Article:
There are three interwoven themes in today’s readings: listening to God, faith vs. good works, and losing our life in order to find it. How are they related?
The Suffering Servant of Isaiah undergoes much distress and ridicule, but is able to bear it because he has listened to the promptings of God day a er day. The psalm tells us that God listens, too. God hears our prayers for help and is always ready to save us. As our faith deepens, so does our desire to do the works of justice and charity that build up the reign of God. God directs our actions in ways we o en cannot see, and we don’t always see the results. We are called upon in faith to trust that what we do is enough, and that willingness to listen to God’s promptings will lead us in the right way.
For several weeks we have listened to readings that have recounted just how arduous the work of prophets and disciples can be. In today's Gospel, the Lord Jesus listens to the reports of those he had sent out "two by two" to minister to the people. After the apostles reported what they had done, Jesus, recognizing their fatigue, says, "Come away by yourselves to a deserted place and rest awhile" (Mark 6:31).READ MORE
Today's scriptures invite us to listen to two calls. The ﬁrst is the call issued by the LORD to the prophet Amos, the "shepherd and a dresser of sycamores" (Amos 7:14). The second is the call the Lord Jesus issued to the Twelve, whom he sent out "two by two" (Mark 6:7). These faithful people responded to the call, prophesying and preaching to the people to whom they had been sent. Each of us received a call when we were baptized.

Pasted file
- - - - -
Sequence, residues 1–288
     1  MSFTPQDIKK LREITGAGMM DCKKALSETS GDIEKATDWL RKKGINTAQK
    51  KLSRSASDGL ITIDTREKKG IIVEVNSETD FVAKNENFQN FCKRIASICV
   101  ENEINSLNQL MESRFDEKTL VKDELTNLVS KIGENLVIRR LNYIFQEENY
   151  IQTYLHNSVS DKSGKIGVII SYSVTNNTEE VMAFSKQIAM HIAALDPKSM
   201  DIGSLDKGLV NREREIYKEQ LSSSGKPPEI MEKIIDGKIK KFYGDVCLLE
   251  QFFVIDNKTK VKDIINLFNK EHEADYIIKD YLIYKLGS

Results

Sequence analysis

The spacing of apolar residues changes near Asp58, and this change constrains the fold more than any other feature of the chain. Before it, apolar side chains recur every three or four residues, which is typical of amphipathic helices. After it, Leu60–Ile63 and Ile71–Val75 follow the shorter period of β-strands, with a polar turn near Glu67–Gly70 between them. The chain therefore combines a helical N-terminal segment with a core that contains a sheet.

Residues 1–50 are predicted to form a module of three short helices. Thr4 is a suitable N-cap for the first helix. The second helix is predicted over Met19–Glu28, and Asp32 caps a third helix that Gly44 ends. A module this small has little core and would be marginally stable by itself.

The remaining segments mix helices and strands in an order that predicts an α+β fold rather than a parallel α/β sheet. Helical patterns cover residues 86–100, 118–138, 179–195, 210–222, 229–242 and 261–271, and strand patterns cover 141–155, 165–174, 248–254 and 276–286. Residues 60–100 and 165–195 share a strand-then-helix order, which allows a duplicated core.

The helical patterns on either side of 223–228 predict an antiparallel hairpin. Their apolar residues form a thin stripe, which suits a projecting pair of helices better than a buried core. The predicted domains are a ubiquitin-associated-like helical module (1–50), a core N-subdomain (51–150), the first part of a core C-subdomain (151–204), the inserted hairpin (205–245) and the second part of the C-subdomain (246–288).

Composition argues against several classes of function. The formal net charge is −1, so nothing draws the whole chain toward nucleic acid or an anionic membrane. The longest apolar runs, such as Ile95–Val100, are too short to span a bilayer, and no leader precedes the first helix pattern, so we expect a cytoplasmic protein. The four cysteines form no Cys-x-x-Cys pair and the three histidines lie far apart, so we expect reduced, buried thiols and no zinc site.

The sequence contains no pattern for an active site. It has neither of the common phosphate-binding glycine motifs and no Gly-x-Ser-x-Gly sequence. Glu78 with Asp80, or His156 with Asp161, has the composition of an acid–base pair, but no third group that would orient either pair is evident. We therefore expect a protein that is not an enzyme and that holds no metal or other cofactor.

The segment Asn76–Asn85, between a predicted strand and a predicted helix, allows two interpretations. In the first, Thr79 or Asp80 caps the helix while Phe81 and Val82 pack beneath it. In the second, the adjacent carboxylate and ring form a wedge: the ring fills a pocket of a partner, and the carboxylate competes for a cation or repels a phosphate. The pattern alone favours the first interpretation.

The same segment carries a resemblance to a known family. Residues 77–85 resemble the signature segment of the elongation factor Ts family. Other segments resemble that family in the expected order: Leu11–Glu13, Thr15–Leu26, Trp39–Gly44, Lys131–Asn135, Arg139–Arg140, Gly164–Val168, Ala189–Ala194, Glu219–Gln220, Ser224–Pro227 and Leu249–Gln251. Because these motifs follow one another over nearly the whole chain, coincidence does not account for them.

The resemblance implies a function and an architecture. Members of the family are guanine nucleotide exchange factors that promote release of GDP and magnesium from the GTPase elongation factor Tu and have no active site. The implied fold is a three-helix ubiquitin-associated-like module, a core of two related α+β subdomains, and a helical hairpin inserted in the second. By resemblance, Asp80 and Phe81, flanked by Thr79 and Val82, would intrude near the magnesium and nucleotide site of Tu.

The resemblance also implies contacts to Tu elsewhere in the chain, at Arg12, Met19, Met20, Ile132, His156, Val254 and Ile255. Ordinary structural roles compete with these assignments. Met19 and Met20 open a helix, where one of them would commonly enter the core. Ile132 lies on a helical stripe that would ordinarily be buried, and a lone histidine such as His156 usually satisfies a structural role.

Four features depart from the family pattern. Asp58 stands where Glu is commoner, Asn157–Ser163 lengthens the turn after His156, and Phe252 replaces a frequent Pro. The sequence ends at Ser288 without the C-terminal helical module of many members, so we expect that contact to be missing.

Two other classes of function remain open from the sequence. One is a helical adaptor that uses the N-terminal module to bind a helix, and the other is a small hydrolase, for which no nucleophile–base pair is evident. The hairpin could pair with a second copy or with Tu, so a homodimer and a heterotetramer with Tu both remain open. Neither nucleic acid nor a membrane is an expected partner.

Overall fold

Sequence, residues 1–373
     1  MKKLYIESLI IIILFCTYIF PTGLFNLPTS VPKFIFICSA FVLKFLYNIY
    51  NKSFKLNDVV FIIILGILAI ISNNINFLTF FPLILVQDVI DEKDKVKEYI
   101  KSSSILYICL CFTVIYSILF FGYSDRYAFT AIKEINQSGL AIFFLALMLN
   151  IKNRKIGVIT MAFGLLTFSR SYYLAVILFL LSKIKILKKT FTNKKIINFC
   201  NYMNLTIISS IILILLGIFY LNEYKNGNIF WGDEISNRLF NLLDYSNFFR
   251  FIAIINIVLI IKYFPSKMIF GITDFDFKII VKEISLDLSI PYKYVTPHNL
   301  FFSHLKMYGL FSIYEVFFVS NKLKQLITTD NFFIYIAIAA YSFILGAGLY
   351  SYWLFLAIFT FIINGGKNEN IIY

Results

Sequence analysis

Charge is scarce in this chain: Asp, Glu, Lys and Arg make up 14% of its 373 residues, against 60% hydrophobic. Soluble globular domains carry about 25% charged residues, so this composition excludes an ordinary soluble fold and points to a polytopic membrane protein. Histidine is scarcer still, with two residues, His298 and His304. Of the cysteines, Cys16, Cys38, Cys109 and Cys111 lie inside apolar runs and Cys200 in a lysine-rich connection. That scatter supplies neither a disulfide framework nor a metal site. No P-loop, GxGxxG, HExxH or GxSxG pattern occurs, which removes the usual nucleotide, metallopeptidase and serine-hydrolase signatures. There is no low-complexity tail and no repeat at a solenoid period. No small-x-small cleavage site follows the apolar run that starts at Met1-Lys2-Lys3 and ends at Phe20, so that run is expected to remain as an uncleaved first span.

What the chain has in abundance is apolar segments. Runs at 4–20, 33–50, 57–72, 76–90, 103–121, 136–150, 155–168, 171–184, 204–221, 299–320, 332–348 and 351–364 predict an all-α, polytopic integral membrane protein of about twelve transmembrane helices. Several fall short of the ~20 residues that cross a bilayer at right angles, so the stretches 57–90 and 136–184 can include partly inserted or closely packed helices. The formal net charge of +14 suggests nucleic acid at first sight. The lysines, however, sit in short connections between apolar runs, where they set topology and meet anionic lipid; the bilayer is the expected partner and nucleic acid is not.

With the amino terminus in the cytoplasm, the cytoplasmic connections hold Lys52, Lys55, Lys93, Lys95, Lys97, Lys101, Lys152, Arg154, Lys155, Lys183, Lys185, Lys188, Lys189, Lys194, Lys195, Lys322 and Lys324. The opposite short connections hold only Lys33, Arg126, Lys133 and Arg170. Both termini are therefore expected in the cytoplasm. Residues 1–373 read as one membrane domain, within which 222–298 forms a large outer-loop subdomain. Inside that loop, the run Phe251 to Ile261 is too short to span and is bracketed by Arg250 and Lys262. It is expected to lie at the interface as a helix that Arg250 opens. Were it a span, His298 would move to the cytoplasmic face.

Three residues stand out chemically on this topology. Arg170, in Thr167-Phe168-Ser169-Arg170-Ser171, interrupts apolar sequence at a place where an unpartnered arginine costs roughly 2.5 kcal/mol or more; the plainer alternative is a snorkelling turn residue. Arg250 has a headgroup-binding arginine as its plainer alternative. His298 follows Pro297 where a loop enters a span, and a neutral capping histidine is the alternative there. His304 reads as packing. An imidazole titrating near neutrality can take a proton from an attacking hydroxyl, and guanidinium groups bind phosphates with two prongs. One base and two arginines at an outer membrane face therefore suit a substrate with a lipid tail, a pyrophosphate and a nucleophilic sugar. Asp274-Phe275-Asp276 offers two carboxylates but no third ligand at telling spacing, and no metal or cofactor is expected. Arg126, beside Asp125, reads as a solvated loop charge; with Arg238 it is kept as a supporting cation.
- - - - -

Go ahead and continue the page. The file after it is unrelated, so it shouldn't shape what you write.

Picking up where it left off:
The second reading invites us to ponder that call as we are reminded that we are chosen in Christ and that, in love, God "destined us for adoption" (Ephesians 1:5). As adopted daughters and sons of God we are called to bring the presence of Christ into our marriages, families, schools, and places of work. Let us be inspired today to say yes to the call we hear once again through God's living word.